Many years ago now (rather more than I care to think about) I taught in a primary school in Kuwait. It was my first job after university, and I was desperate to travel and learn more about the world at first hand, rather than through the pages of a book. I spent a few weeks circling adverts in the back of the Times Educational Supplement for teaching positions in far-flung places – and through a combination of impatience and impulsiveness, ended up in Kuwait City. I spent two happy, chaotic, exciting years seeing far more of life than England had ever prepared me for, and learning about the huge cultural differences between the West and the East. About teaching, I learned much less – only that school began at 7am, ended at 2pm, and I was required to do very little in the intervening hours (it was this that hastened my return to the UK, as I realised that I would need to make a living teaching for the next few decades, and this possibly wasn’t preparing me very well for it).
When I read about the forthcoming biography of Lesley Blanch, I knew I had found a kindred spirit. Blanch was a writer and artist, a traveller and an historian, but she was primarily a romantic. Her best-known book, The Wilder Shores of Love, tells the story of women (Isabel Burton, Jane Digby el-Mezrab, Aimee du Buc de Rivery and Isabelle Eberhardt) who ‘dared to turn to the East for adventure and love’, ‘escaping the boredom of convention’. A friend of Lee Miller, Nancy Mitford and Rebecca West, Blanch was one of the last in the great English tradition of glamorous, imposing, well-travelled beauties, whose life stories would put our own arid tales to shame.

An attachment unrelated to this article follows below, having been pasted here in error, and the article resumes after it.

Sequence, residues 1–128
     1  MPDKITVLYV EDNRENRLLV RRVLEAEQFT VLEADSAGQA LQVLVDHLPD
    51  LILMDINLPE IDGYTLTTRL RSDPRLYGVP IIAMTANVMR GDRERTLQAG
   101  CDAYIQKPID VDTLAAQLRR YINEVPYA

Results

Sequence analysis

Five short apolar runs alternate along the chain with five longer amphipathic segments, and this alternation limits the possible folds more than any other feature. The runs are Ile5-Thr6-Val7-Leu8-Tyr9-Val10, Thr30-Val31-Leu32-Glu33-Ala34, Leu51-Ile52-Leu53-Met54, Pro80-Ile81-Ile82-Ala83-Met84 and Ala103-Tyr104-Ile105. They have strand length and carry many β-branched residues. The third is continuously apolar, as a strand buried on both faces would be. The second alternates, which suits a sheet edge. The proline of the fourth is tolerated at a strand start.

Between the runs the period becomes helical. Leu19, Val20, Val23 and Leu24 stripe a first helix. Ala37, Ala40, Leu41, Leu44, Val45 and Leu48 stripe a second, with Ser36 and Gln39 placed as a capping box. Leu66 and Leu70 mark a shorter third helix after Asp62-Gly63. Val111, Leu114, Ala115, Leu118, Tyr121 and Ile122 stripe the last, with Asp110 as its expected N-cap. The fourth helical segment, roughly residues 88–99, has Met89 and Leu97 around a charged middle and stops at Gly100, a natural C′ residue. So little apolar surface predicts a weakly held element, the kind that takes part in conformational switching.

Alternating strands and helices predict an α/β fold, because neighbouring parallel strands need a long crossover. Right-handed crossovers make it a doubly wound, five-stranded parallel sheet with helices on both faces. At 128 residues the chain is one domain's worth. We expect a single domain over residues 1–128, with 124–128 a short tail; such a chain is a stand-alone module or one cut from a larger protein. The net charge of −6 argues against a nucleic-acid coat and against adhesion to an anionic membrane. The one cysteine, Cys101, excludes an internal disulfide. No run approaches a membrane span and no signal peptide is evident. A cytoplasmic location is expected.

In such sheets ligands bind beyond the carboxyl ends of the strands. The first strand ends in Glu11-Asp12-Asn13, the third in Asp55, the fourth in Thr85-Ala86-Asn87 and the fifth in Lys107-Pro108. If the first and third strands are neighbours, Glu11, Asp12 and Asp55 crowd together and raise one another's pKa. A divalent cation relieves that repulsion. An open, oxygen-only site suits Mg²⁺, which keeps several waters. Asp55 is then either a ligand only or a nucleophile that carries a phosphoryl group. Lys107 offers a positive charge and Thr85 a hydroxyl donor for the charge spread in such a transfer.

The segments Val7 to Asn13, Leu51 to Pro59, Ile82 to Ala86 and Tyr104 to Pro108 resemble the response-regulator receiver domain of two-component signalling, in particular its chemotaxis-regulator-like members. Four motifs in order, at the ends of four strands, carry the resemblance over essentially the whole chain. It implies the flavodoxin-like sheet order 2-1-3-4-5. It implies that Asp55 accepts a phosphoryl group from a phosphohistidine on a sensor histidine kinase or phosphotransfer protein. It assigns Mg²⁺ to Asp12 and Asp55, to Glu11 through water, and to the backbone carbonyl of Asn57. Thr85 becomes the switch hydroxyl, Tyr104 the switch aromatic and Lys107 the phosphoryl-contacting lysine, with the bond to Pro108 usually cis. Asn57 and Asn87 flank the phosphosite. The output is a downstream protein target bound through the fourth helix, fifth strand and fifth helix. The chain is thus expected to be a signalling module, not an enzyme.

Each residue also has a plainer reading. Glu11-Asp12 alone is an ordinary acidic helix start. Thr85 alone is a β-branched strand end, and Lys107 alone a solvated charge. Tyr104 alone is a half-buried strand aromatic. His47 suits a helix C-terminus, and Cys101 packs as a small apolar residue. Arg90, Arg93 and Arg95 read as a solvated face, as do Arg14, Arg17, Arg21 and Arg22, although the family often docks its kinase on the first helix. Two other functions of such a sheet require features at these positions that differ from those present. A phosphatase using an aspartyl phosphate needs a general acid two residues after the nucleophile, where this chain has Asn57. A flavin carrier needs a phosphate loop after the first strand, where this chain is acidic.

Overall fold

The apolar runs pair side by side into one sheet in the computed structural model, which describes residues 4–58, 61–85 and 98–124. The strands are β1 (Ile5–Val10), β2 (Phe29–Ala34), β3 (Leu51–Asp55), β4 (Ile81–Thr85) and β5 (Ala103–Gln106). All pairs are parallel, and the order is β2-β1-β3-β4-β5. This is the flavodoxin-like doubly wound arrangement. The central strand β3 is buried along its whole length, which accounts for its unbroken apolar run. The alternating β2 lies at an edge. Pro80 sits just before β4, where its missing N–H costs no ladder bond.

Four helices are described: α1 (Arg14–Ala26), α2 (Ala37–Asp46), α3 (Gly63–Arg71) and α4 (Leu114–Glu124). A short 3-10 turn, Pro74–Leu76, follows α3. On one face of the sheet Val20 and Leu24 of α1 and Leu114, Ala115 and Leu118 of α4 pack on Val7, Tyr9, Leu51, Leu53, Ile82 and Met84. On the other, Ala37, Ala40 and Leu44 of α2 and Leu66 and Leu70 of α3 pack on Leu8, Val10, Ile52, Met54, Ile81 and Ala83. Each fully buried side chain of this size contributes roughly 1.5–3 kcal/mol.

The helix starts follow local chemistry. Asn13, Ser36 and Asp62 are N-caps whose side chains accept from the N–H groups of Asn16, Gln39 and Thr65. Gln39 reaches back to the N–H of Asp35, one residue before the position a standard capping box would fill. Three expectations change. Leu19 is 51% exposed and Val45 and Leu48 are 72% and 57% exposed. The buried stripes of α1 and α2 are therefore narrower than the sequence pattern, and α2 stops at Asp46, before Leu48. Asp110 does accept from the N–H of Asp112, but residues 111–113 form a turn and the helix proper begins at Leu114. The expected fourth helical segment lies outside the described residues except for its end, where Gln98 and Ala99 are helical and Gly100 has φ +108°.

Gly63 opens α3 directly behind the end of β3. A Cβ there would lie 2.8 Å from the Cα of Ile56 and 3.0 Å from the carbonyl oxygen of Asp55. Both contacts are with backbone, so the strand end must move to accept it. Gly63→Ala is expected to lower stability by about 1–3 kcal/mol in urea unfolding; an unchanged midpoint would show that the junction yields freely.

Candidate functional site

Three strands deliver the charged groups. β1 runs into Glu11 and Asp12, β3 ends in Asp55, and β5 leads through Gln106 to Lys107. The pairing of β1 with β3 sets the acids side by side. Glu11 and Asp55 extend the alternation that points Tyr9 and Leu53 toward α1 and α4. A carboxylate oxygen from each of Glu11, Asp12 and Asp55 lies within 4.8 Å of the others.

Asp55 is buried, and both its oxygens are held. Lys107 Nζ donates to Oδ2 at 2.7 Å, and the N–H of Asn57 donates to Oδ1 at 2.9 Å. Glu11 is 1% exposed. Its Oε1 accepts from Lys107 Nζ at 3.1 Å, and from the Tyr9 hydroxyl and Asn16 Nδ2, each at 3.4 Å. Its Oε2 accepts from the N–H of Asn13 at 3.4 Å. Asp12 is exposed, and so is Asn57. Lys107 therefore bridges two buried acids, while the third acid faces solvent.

Of her upbringing, she said “My mother would read The Koran for breakfast in bed which she found very stimulating. My father would read Daniel Defoe’s Journal of the Plague Year because he said the descriptions were so ghastly it made daily life seem so much more agreeable. I would be in my room getting ready for school and reading Carlyle’s History of the French Revolution; I had a thing about tumbrels and all that.”
Her love of travelling was sparked by her wide-ranging reading, and a mysterious family friend (later to become her lover) she knew as ‘The Traveller’ – her fascinating website tells the story of how he “occasionally blew into her nursery, muffled in heavy furs and bearing gifts of Fabergé eggs and icons. Full of the fairytales of Russia, ‘He looked like Nureyev with slanting eyes.’ When he swept out of her life, he left her in the grips of a lifelong obsession.” She wrote twelve books on a huge range of subjects, including a marvellously eccentric cookbook ‘that reads more like Tintin than Elizabeth David’ according to The Guardian and a biography of Imam Shamyl, as well as The Wilder Shores of Love. The quote at the beginning of this post is taken from this book, which Blanch says she was inspired to write by “seeing young Englishwomen spoiling their lives tapping away at typewriters, and then watching them trudge home over Waterloo Bridge. I wondered how different their lives would have been if they’d managed to get away.”
image of Lesley Blanch courtesy of The Guardian
Blanch died in 2007, age 102. Her obituary in The Guardian is a window onto an England that’s fading like an old photograph, the post-war life of debutantes and bohemians, of minor royalty and millionaires, of diplomats and debauched dinner parties.
“I was always very aware of other horizons,” she once said. At Christmas, when we begin to reflect on the year just passed and consider the potential of the year ahead, this is a wonderful thought to have in mind.